You cannot “Like” me.

Do you remember the Internet? I am old. Or old-ish. Approaching 40 now. And I remember the Internet before it consisted entirely of porn and shopping. Not that I don’t enjoy all the access to free porn, but the Internet…or I guess the entirety of modern Social Media bothers me.


When I was a little boy, my mom bought me a commodore 64. Coolest thing in the world. By far the best Christmas present I ever got was  a Commodore 64 tape drive (http://upload.wikimedia.org/wikipedia/commons/5/52/Commodore-Datassette.jpg). I learned basic and programmed for hours. “Peeking” and “Poking”…if you remember that, you are old like me. And I was a fairly good self-taught programmer even as a child.


Then I stopped. I still have a computer that I used for the occasional game or whatnot, but I lost interest in computers as my hormones took control. I was much more interested in people. So that by the time I got to college everyone had email when I still had no idea what email was. And you know, my world didn’t really miss it. When people would drive from out of town to see you, they would say “we’ll be there between 6:00 and 8:00”. And so you waited for them without expecting a phone call or text update every half hour.


So it all worked. But I did actually become very interested in computers again in college. I thought I was going to be pre-med but then just didn’t because I was tired of school. You can only learn so much in college and I was there for too many years. College is basically a big expensive babysitter and a poor financial investment. I switched my major to computer science and graduated rather quickly with a degree. One thing that I found was that I have a knack for programming. These kinds of problems are the kinds of problems my mind loves. And I have easily wiled away months of my life on some stupid project such as writing my first chess game (in college…it was called “My Dog Plays Chess” and I was so happy the first time it beat me) or working on these apps.


After a string of strange jobs (janitor, bookstore, nude art model, waiter, bartender) I did eventually end up going to medical school “to help people”. Worst mistake I’ve ever made. If college is a terrible financial investment, then medical school is an even worse one.  But when “you want to help people” it is the thing to do.
Now I stop and look and the world of the internet has evolved. My perspective of it comes from the fact that I tend to jump in and out of the Internet world. So it always appears to have changed dramatically when I stop to think about it.


And as of now…you cannot “Like” me. I have no Facebook page. I have no twitter account. This webpage in and of itself is an homage to the web pages I remember first seeing in college. Simple and hoping being filled with content rather than advertisements. This is a business, don’t get me wrong. But it is a business born out of love rather than a desire to screw you out of every penny I can get. I received two teaching awards in Residency and this project feels like an extension of that. You can email me and we can talk about suggestions for apps/projects. But I will not tweet you what we are working on currently. And I do not want you to tweet me ever, because if you want to talk, lets actually write out some real words. I do not have a Facebook page as of yet, but people tell me “No company is complete without one”. Really!? I just don’t get it. Do you really need to “Like” the Facebook page of your dry-cleaners. Does your muffler shop really need to update you constantly on their specials. I think the concept is ridiculous. It will eventually happen to me, I know it. But I will go begrudgingly and sarcastically.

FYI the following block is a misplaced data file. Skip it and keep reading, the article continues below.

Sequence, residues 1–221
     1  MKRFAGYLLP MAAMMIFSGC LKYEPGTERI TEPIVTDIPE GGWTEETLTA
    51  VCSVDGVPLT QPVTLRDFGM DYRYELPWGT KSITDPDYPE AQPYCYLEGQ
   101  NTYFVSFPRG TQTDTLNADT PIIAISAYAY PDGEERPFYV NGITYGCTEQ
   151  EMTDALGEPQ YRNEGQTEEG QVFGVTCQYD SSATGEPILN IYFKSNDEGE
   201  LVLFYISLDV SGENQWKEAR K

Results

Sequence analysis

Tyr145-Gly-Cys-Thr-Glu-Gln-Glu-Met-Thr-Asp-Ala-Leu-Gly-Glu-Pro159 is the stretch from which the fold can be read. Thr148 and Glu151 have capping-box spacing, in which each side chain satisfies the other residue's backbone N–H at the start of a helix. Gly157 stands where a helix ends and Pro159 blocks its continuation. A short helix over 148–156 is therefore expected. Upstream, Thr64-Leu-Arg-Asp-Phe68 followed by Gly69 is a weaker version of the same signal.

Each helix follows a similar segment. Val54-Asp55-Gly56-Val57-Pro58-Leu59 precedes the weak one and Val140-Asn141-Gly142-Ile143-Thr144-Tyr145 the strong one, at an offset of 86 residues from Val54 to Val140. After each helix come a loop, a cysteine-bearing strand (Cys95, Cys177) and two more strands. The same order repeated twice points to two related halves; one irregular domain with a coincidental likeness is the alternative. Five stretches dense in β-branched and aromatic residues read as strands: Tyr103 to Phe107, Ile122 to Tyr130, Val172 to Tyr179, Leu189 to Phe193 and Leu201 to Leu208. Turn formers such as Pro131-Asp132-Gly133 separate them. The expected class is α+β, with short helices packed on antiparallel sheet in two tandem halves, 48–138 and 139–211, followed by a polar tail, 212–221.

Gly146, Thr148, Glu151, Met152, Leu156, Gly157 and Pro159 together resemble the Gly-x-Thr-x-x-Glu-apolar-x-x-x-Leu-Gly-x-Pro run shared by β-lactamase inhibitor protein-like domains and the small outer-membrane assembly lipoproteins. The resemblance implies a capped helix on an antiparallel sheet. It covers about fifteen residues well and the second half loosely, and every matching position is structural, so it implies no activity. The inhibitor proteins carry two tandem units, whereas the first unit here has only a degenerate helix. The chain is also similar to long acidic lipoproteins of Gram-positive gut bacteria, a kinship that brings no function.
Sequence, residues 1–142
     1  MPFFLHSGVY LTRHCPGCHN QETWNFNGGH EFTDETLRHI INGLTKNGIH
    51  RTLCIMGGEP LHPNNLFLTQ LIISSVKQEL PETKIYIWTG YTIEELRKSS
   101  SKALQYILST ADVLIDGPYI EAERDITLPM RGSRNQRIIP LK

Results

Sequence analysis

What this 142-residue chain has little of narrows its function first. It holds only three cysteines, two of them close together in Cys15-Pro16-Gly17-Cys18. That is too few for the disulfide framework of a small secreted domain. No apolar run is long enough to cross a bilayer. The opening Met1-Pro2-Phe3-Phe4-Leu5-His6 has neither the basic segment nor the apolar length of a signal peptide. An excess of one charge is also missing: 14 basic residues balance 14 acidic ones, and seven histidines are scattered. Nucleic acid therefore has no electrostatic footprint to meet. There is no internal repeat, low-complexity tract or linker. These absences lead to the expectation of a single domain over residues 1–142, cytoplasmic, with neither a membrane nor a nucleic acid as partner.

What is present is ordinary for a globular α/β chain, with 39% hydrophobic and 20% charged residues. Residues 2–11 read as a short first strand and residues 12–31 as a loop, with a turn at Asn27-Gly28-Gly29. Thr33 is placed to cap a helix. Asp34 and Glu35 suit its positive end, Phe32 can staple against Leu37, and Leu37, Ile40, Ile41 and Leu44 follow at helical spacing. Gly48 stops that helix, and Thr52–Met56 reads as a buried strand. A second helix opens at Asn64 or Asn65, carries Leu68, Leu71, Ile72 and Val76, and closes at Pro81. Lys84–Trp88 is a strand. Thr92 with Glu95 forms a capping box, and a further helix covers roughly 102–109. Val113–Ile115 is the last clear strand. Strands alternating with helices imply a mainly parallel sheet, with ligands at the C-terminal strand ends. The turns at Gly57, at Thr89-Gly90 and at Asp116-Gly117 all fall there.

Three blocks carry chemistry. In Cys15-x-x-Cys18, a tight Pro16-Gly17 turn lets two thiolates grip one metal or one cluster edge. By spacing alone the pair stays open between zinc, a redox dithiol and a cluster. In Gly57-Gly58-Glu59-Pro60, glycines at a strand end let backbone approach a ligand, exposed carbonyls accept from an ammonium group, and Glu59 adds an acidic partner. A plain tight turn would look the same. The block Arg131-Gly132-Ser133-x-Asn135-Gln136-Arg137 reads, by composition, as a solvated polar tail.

I hate generational stereotypes. But I’m going to go ahead and make some. I was part of the lucky generation. We played with computers. We learned to embrace them. But we also remember a world that worked without being in constant communication with people known and unknown. It was a world of peaceful interludes between activities that gave us time to think. That time is lost now as I watch people stare at their phones checking account after account looking for something to interact with. But the interaction is relatively meaningless. “How is your dog doing?” “How was Mary’s school play?” “How is dad’s gallbladder?” These are things that if you really cared you could be involved in in a much deeper way in person. But there is this new ability to be updated constantly without being involved. You can judge and predict without investment in the outcome. That is sad for me. And the look of anxiety just before people reach for their phone is amazing. It really does look like an addiction from the outside staring in.
And maybe that is the one good thing that has come out of the modern social media revolution. People are so entranced in their phones they don’t notice the people around them. And so you can now totally check a cute girl out for as long as you want and she never notices.

Just kidding Melissa (my wife).

 

 

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Last Updated March 7, 2014